Washington state got an F in initiatives last week.
Not that the state enrolled in Ballot Measures 101 or anything. We graduated with a degree in initiatives and referendums in 1914, when state residents added that power to the constitution.
But the Ballot Initiative Strategy Center, a Washington, D.C., group which bills itself as a place that “strengthens democracy by building a national progressive strategy for ballot issues”, annually grades states for the kinds of changes it thinks the states should make to “ensure the integrity of their initiative process.” It has looked at our laws and determined that we don’t rate. For the third year in a row.
Don’t be smirking over there, Idaho. You got an F, too.
In its 25-point test, Washington got graded down for not having 14 of the things the center thought a good state should have. Things like keeping folks from re-running the same initiative for at least three years or requiring notarized affidavits that all signatures are gathered within the law or banning companies for paying people based on the number of signatures they gather. They have some interesting and even debatable ideas, which could be why the Legislature has debated many of them, but never approved them.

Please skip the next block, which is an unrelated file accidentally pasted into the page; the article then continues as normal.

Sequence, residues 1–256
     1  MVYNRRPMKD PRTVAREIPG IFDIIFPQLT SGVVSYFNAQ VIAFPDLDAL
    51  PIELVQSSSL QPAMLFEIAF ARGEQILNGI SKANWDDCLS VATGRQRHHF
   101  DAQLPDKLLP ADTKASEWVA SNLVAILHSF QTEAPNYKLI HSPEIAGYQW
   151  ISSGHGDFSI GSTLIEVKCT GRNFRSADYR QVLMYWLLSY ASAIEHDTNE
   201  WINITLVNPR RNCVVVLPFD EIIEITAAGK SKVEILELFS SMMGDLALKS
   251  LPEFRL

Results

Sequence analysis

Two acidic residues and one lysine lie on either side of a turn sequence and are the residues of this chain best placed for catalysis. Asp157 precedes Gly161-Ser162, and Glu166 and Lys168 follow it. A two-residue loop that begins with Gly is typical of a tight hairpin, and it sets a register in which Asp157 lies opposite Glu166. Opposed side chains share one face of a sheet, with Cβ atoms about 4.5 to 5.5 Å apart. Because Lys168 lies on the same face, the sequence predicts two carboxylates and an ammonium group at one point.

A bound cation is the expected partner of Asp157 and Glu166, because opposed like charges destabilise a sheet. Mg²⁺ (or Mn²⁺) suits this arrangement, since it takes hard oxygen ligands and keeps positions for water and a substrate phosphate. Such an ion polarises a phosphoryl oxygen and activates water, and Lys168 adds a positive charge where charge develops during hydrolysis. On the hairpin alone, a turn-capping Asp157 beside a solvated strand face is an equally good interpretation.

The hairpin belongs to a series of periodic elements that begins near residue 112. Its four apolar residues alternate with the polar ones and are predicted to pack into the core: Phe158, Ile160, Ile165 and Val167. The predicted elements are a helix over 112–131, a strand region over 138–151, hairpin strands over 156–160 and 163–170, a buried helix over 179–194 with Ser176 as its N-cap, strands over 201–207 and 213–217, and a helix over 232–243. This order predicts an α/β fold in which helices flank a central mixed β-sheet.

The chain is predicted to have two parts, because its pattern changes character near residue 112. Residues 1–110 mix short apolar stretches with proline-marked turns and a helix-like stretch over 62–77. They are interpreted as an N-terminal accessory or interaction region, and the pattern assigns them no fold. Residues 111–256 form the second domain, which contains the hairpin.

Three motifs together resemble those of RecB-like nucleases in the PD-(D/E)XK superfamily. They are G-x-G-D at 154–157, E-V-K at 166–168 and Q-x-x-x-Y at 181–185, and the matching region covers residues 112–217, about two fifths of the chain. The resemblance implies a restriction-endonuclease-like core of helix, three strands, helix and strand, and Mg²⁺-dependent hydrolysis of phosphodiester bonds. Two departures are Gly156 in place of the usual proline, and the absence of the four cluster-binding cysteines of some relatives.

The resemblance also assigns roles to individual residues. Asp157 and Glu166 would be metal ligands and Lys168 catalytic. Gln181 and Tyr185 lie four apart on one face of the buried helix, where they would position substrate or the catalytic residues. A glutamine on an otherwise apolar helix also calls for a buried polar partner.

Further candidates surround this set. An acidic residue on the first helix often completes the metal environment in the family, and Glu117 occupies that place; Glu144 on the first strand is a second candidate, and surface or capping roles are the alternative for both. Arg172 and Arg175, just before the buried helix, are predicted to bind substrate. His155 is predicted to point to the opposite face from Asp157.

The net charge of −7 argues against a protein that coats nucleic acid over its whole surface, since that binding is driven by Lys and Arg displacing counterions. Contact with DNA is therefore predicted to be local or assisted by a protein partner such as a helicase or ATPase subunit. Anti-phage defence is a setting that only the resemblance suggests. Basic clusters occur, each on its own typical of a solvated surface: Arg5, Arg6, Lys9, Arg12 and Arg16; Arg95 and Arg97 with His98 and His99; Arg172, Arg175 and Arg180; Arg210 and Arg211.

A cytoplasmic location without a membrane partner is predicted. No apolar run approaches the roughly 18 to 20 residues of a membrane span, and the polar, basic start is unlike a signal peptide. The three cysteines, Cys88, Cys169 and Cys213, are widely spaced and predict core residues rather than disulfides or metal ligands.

Chances are good some Washington progressive groups will propose legislation along those lines again next year.
But those groups might want to think twice about citing Washington’s failing grade from the Center as a reason to change state law. In grading all 24 states that have the initiative process, the Center flunked half, gave out one B, one C, and the rest Ds. That’s not a curve, it’s a slope like a ski jump.
Most teachers who turned in a grade book like that would be answering questions about what was wrong with their methods, not with their class.
Seems like a more honest way to grade initiatives might be to give states that don’t allow them an F, and work up from there. Just sayin.